Forum presents over 100 ideas to reshape Columbia Proposals include changes in council

October 11, 1992|By Mark Guidera | Mark Guidera,Staff Writer

A new report marking Columbia's 25th anniversary says th community needs to look seriously at changing the way it is governed, open a center for heightening appreciation for ethnic diversity, and entice the city's developer to build housing in Town Center.

"These recommendations really strike at the heart of what Columbia is today," said Morris Keeton, president of the Columbia Forum, a Columbia think-tank that organized the four-year project looking at possible improvements.

The report, entitled "An Agenda for Columbia," was pulled together by 12 committees that examined a wide range of issues from transportation and housing to downtown development and governance.

While the 56-page report contains more than 100 recommendations for improving life in the city, it does not offer any specific ideas about how to put them into practice. Specifics, said David Tucker, the author of the report, should come from the public after the report is distributed at a conference Oct. 25 at Atholton High School.

Mr. Keeton said he expects the recommendations for governing the un-incorporated city of 65,000 to generate the most controversy.

But recommendations aimed at closing a widening schism in Columbia's diverse ethnic and cultural groups and getting the Rouse Co., Columbia's sole developer, to enhance a car-oriented Town Center with a sprinkling of housing, retail and cultural areas may well spark debate.

Three key recommendations for changing Columbia's governance would make the Columbia Council chairmanship an elected office and replace Columbia's one-vote-per-household system by allowing every resident over 18 a vote in village and council elections. Council terms would be two years.

Council members now sit for one year and appoint their chairman. Except for two villages, voting in Columbia is limited to one vote per household.

Alan Schwartz, a Columbia lawyer who headed up the committee that examined the governance issue, said his committee believes the recommended changes would get more citizens interested.

"We found enormous apathy in elections in many of the villages," said Mr. Schwartz. "In some villages you are lucky if you see a 10 percent voter turnout for village or council elections. That's got to be changed if Columbia is to be a vibrant community."

Lengthening council terms would bring stability and consistency the council, as well as provide enough time for a member to become knowledgeable on issues, he said.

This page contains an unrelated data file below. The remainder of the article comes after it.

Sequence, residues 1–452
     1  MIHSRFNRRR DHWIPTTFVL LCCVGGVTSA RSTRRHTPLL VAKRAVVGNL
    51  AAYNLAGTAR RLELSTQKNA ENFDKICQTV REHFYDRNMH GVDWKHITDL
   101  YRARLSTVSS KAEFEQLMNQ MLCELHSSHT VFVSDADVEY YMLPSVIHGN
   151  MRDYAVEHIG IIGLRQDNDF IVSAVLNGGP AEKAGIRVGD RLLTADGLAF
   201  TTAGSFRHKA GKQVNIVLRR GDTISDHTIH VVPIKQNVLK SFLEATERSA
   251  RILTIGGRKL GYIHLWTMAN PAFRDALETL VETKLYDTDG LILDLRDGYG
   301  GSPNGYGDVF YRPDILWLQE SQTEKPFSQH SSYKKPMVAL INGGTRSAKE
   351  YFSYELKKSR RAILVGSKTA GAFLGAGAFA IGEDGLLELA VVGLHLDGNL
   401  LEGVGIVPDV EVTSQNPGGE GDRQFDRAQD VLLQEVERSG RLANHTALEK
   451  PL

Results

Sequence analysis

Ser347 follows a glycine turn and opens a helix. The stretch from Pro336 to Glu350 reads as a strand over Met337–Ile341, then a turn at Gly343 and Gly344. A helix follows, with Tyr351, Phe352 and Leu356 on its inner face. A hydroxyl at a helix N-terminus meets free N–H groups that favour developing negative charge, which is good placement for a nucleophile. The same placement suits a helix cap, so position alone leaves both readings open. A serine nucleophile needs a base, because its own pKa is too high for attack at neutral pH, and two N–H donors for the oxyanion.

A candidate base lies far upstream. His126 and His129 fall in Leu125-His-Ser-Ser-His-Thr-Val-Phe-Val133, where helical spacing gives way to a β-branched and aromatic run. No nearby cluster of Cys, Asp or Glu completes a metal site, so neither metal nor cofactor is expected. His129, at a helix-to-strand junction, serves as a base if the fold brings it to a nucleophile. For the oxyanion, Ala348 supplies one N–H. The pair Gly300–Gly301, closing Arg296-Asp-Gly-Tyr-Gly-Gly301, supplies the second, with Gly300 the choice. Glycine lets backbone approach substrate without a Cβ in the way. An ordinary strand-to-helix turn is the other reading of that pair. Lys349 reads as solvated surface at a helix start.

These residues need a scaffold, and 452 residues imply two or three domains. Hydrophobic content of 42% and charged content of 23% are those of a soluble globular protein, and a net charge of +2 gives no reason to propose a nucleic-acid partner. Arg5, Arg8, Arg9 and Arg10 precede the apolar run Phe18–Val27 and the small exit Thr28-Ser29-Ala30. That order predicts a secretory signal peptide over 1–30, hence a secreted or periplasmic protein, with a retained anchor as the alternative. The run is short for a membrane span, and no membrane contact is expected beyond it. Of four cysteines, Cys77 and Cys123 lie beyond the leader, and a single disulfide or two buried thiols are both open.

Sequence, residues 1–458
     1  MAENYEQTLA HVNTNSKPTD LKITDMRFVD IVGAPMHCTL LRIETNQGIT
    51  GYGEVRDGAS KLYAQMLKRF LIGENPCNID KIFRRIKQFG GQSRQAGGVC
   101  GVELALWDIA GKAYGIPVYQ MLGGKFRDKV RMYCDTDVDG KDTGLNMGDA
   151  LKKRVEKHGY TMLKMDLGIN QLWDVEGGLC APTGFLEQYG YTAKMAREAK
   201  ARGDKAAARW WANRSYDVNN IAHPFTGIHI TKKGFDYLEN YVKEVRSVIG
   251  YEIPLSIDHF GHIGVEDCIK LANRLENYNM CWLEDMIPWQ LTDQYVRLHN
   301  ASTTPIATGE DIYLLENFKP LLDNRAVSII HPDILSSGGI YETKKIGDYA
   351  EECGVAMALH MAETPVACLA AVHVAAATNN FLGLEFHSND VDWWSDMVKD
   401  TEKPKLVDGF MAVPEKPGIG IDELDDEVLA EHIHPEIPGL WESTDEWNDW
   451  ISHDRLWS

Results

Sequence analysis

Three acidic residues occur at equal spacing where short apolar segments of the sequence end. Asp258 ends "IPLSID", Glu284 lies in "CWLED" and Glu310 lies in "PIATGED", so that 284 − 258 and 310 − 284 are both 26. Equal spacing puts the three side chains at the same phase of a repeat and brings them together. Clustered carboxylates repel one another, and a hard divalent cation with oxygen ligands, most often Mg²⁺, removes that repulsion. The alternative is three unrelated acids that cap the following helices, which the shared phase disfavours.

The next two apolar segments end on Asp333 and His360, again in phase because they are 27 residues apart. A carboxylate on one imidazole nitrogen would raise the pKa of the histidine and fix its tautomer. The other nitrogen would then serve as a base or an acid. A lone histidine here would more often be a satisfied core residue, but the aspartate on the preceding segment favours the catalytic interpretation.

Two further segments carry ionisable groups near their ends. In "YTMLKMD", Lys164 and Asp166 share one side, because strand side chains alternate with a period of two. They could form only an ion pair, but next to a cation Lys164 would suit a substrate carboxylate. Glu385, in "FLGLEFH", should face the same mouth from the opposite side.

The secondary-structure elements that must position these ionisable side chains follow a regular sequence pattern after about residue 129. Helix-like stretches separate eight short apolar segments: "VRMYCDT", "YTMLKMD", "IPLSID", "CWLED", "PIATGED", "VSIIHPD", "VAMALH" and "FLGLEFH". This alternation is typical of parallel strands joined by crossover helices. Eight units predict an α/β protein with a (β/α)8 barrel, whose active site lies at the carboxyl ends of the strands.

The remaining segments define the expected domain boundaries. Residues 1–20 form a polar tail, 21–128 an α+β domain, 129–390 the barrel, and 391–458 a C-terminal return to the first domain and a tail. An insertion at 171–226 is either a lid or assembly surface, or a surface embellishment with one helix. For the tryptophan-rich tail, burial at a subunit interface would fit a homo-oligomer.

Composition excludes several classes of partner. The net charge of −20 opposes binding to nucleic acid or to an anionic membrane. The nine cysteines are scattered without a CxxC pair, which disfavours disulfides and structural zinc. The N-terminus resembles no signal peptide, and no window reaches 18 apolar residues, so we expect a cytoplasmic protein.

The added stability and experience of council members and having a chairman elected community-wide would add a stronger sense of independence from the Columbia Association, said Mr. Schwartz.

The non-profit Columbia Association, collects annual property assessments from homeowners and businesses and operates community facilities, such as pools and community centers. The Columbia Council must approve the association's policies and its $30 million budget. Critics have sometimes charged the council with being a rubber stamp for policies developed by association staff members.

"There is a perception among residents that the council wasn't as strong as the Columbia Association," said Mr. Schwartz. "A chairman who is elected by the entire community would bring at least a perception of power, and independence from the association."

Alex Hekimian, chairman of The Alliance for a Better Columbia, a citizens advocacy group, says the organization supports the Forum's proposed governance changes. "If you change

governance, you change everything else," he said. "And it's time for a new system of government in Columbia."

Karen Kuecker, a Columbia Council member who assisted the governance committee, agrees that changes are needed and she supports two-year council terms. She's not so sure about electing the council chairman.

"I worry that the chair would turn too political, if elected community-wide," she said. "The council needs to retain its political neutrality."

Mr. Schwartz's committee recommends appointing a commission to examine the financial implications of establishing Columbia as either a special tax district or a municipality with limited functions. He believes Columbia could save $25 million in bond debt through such a change.

While the suggestions on improving how Columbia is governed seem destined to generate debate, ethnic factionalism and racism hold serious potential for disrupting Columbia's future, said Karen Reeves, an employee training specialist who assisted the cultural and religious diversity committee.

During the past two years, Columbia, envisioned as a hub of racial harmony and inclusion, has seen several incidents of racial and ethnic extremism, including students openly exchanging racial slurs, swastikas painted on school property, and hate literature circulated in neighborhoods.

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